2 Replies Latest reply on Nov 23, 2018 7:55 PM by RuDe_666331

    CAN-BUS: 2 controllers in 1 chip => 1 transceiver, how to do it?


      Hi, when I look at the can-bus protocol it is clear to me that there is a way to do this because only the transmitter with the highest priority get's the can bus to transmit something. So, I went looking on the internet who has done this before and I found similar examples that showed that you could even make a short can-bus without transceivers:

      Example 1: Single-Wire CAN Bus Without Transceivers - YouTube

      Example 2: Is a CAN enabled microcontroller sufficient to drive a CAN bus? - Electrical Engineering Stack Exchange


      Because only the sender sending a dominant bit is of importance so, I tried to "OR" the 2 CAN-bus components inside the CY8C4247AZ...

      But then I get the error: fit.M0049: The TX port on CAN block "\CAN:CanIP\" must be directly connected to an IO pin.


      Then I tried to connect the Tx pins together from the 2 CAN bus controllers hoping that they would go in tri-state when in recessive mode because in example 2 the PIC can do this. But PSoC creator is protesting again with an error: "sbd.M0018: Multiple drivers on signal "Net........


      I got also the same errors when I connect the Rx-channels together.


      So, my guess is that the only way to solve this is sacrificing the 2 pins and use an external "OR" port or put both Tx pins in "open drain drives high" using a pull-down resistor for the recessive bits.

      And also connecting the 2 receivers externally.


      Am I correct?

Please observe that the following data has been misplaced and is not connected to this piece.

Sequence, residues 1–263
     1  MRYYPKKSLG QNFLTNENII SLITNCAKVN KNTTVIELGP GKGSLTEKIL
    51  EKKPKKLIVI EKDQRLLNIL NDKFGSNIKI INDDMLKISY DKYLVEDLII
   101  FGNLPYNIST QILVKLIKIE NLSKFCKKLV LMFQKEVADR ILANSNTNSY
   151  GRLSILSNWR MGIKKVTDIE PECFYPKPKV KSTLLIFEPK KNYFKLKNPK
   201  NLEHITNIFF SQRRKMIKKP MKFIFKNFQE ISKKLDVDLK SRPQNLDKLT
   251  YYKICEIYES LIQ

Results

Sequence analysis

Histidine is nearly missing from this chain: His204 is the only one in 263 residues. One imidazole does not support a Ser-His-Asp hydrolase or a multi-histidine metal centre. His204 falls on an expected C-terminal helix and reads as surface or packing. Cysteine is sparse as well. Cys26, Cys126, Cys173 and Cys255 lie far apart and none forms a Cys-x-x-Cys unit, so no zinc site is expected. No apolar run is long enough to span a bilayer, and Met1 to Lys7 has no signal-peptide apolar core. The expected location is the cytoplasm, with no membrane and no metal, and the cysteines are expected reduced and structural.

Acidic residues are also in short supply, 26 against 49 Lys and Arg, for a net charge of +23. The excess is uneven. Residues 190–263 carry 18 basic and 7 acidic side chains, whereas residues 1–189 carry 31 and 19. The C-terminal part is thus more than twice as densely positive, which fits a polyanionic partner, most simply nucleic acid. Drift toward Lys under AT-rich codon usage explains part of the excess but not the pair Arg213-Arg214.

The most elegant solution would be that the CAN-bus component would have a parameter like the PIC to put the Tx in tri-state when in recessive mode. And also making it able to connect the Rx pins together.

        • 1. Re: CAN-BUS: 2 controllers in 1 chip => 1 transceiver, how to do it?

          I created a PSoC4200-L project,did some tests. The CAN TX/RX pins can only be routed to dedicate fixed-function pins, so we cannot use OR gate or digital Multiplexer/De Multiplexer to realize the combination directly inside PSoC.


          I tired some ways to bypass the internal routing limitation, but this consumes additional pins. Below schematic is a example, but it consumes 8 IOs finally, so a bad idea i think, except the unused pins are sufficient.


          • 2. Re: CAN-BUS: 2 controllers in 1 chip => 1 transceiver, how to do it?

            Sorry, it's a bad idea to use multiplexers because the CAN-bus component is fully autonomous, so what about the timing of the control register, also the Rx side needs to listen to both busses at the same time.

            I just made an example of how I think it should work:

            2x CAN-bus to 1 Transceiver.png

            If one of the Tx lines is TTL low the combined Tx line will be low or '0'. According to the can_bus protocol, the CAN-controller with the highest priority-ID will win the conversation when they collide and the other CAN-Tx will stop talking, so a possible conflict between the CAN-bus controllers is automatically solved.

            I just ordered some CY8CKIT-043 because I don't own any kits with CAN-bus. The CY8C4247AZI-M485 chip in this cheap kit has 2 CAN-bus controllers and the above scheme I could build with it. I will try to make 2 kits communicate without a transceiver, then I need to connect the Rx with Tx lines also otherwise the automatic CAN-conflict-solving won't work. So in a few days, I can report if it is working or not.

            It's ideal for me to start debugging my project without the need for CAN-bus transceivers or expensive kits, the distance is limited though.


            I also ordered 32kHz crystals for this kit because I figured out that this option is needed for the CAN-bus to be in sync according to the max. clock deviation.

            The CY8CKIT-043 seems to have already the capacitors to cooperate with the optional WCO crystal.